Banner
    Towards A More Benign Camel Racing Robot
    By Martin Gardiner | February 14th 2013 09:39 AM | Print | E-mail | Track Comments
    About Martin

    I specialise in beachcombing the scholarly journals and university websites for uncommonly intriguing academic articles by uncommonly intriguing...

    View Martin's Profile
    Although robotic jockeys for camel racing have been successfully deployed for several years now, some have voiced concerns about them – for many of the 'bots are configured to vigorously cane the competing camels. (Hi-res photographic example here – the Swiss-made KMEL - manufactured by the K-Team Corporation – note the robotic whipping mechanism).
    But now a potentially less harmful camel jockey-bot is available. It was developed by researcher and inventor Mohamed Shakir, formerly based at the Department of Electrical Engineering, Qatar University. The bot still brandishes a whip, but it’s used only to provide a ‘whip-crack’ sound above the camel (rather than actually thrashing its ‘sensitive areas’). At the same time it also relays crucial voice commands to the animal via a dedicated radio-link, amplifier and a set of speakers. The commands are remotely provided in real-time by the camel’s trainer – who rides alongside the racetrack in the comfort of an SUV.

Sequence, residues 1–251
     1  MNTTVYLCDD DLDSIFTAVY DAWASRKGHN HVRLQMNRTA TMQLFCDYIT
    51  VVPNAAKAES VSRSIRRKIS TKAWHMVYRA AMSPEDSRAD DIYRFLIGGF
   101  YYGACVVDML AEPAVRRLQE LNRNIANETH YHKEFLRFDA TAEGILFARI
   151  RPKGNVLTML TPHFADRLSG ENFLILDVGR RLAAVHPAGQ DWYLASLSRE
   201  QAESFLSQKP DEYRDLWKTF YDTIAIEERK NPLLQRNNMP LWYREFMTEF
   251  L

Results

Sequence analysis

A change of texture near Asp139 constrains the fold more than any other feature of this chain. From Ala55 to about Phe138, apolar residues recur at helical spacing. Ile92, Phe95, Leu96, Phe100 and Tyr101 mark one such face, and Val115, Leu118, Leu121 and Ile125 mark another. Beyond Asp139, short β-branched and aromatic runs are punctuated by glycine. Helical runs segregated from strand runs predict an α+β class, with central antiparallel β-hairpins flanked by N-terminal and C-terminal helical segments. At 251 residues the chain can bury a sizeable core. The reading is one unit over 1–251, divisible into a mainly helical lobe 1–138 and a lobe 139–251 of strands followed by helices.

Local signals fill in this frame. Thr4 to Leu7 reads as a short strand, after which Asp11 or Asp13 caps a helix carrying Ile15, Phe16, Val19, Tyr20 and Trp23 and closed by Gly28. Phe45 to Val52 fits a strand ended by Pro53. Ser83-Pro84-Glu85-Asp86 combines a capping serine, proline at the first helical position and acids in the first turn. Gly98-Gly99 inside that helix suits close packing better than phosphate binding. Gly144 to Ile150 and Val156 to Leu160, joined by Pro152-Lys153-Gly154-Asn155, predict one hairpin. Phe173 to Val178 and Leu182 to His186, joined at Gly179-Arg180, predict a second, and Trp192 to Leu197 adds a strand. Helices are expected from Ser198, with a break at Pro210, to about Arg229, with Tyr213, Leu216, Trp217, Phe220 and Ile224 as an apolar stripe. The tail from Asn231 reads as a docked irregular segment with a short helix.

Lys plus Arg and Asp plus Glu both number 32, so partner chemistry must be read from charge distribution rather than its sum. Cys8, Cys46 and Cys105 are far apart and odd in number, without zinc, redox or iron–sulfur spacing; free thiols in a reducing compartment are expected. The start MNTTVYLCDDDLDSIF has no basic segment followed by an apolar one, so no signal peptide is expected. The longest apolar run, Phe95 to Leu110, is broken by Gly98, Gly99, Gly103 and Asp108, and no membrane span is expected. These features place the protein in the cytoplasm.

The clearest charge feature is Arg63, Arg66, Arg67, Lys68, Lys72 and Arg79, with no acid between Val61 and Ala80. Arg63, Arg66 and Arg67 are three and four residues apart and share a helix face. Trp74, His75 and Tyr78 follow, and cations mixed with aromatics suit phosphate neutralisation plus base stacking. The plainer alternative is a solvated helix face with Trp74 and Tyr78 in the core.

A photo of the new camel jockey-bot is available here, courtesy qatarqlick.com

    Notes: The impetus for camel-jockey-bot development came in 2002, when the United Arab Emirates prohibited the use of child camel-jockeys (under 15 years of age). Qatar followed suit with similar legislation in 2005.

    BONUS: Explore the extensive camel racing facilities at As-Sahhaniyah, (a.k.a. Al Shahaniyah) Qatar, via satellite imagery courtesy Google maps. [zoom out to view]